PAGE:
The Federal Reserve announced last month that it would build a real-time payment platform to be launched in three or four years. The Fed was compelled to do so at the insistence of smaller financial institutions who were less than excited about buying real-time payment services from The Clearing House (TCH), which is currently the only other real-time payments network that serves all channels.
TCH is owned by some of the largest U.S. banks who compete with community banks for customers and banking services. In the Fed’s document titled: Federal Reserve Actions to Support Interbank Settlement of Faster Payments, the Fed makes the argument that with only one other real-time solution available at this time, and no other private provider coming forth with a solution that meets (or closely meets) the industry’s endorsed feature set, then the Fed needs to supply an alternative. By doing so, the Fed hopes to:
- Provide competition for price, quality and to support innovation.
- Supply an alternative solution and act as a market stabilizer should TCH’s RTP solution have a catastrophic failure.
- To provide an alternative that would reach all financial institutions which the Fed argues TCH is not capable of doing.
Yesterday, the Senate debated the topic in the Senate Banking Committee. PaymentsSource summarized the content:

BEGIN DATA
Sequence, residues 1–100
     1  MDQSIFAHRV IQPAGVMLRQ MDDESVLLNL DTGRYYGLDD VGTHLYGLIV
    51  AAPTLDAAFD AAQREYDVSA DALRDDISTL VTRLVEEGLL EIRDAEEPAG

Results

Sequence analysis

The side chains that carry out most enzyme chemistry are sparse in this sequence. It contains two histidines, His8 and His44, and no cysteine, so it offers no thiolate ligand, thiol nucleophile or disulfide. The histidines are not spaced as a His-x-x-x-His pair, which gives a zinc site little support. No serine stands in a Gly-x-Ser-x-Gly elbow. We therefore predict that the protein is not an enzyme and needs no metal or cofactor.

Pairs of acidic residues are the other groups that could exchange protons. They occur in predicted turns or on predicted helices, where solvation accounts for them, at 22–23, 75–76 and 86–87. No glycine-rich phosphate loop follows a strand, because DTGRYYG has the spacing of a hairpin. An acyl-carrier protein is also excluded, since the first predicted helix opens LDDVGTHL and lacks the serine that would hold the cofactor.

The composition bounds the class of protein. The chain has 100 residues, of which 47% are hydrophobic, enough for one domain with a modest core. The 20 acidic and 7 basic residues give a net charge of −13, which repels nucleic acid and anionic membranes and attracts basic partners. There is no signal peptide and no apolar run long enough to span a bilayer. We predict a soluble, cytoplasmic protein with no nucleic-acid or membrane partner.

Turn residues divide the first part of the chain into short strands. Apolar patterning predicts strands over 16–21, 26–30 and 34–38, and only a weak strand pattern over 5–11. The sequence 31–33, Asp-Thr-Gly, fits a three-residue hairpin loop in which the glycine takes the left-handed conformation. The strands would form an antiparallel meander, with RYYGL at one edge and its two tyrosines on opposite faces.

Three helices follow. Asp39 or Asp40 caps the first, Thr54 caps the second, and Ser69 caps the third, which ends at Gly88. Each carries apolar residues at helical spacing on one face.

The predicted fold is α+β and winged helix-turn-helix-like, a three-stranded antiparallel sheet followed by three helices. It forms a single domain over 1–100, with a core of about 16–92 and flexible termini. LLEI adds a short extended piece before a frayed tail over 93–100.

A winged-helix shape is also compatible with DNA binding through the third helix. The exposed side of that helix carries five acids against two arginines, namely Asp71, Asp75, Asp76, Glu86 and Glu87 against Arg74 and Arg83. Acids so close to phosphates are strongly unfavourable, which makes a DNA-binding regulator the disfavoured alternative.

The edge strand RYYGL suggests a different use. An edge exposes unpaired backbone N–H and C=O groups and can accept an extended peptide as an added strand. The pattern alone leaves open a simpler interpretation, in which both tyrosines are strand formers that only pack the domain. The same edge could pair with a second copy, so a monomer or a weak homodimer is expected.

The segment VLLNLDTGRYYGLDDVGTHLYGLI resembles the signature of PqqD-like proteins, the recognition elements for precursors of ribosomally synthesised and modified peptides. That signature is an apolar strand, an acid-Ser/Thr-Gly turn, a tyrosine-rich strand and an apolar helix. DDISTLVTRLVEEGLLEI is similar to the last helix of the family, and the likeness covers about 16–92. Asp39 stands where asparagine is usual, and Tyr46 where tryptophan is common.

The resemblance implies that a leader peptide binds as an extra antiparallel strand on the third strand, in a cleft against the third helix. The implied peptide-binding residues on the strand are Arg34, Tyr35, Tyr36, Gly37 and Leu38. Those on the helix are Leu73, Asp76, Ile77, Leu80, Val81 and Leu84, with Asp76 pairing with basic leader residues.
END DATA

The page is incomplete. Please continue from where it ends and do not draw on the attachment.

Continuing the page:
At a hearing Wednesday, Senate Banking Committee Chairman Mike Crapo, R-Idaho, noted large banks’ concerns with the proposed FedNow system, set to launch by 2024. Big banks have questioned the costs associated with the Fed getting a real-time payments network running, and whether it would be interoperable with existing private-sector systems, including one built by the Clearing House in 2017.
“Throughout the Fed’s process, some financial institutions have raised concerns about the Fed’s analysis and process, the cost and amount of time it would take to develop its own real-time payment system, its prospects for achieving interoperability, inherent conflicts of the Fed operating its own system and its prospects for negatively affecting existing real-time payment systems,” Crapo said in his opening remarks.
Sen. Pat Toomey, R-Pa., said he thinks Congress should potentially step in to try to block the launch of FedNow.
“We should consider that,” Toomey said in an interview with American Banker. He highlighted concerns about how the Fed would price its service as well as whether it could operate alongside private-sector alternatives.
“We heard today that the Fed is not willing to make a commitment to uniform pricing, so we could have pricing discrimination against small banks,” Toomey said. “We know that the Fed is not committed to interoperability, so that’s a real problem, so I think we should consider that.”
So does this mean that if the Fed commits to standardized pricing across the board, regardless of bank size, and also creates a plan for interoperability with RTP, then the Senate will champion FedNow? Doubtful.
These hearings appear to be politically motivated with Republicans taking the side of squashing FedNow and Democrats championing it. Given the deep divisions in Washington, neither side would be able to summon the support for either argument, so FedNow appears to be safe.
Up next will be The House Financial Services Committee’s Task Force on Financial Technology, which will hold a hearing entitled “The Future of Real-Time Payments” this afternoon (Sept. 26).
Overview by Sarah Grotta, Director, Debit and Alternative Products Advisory Service at Mercator Advisory Group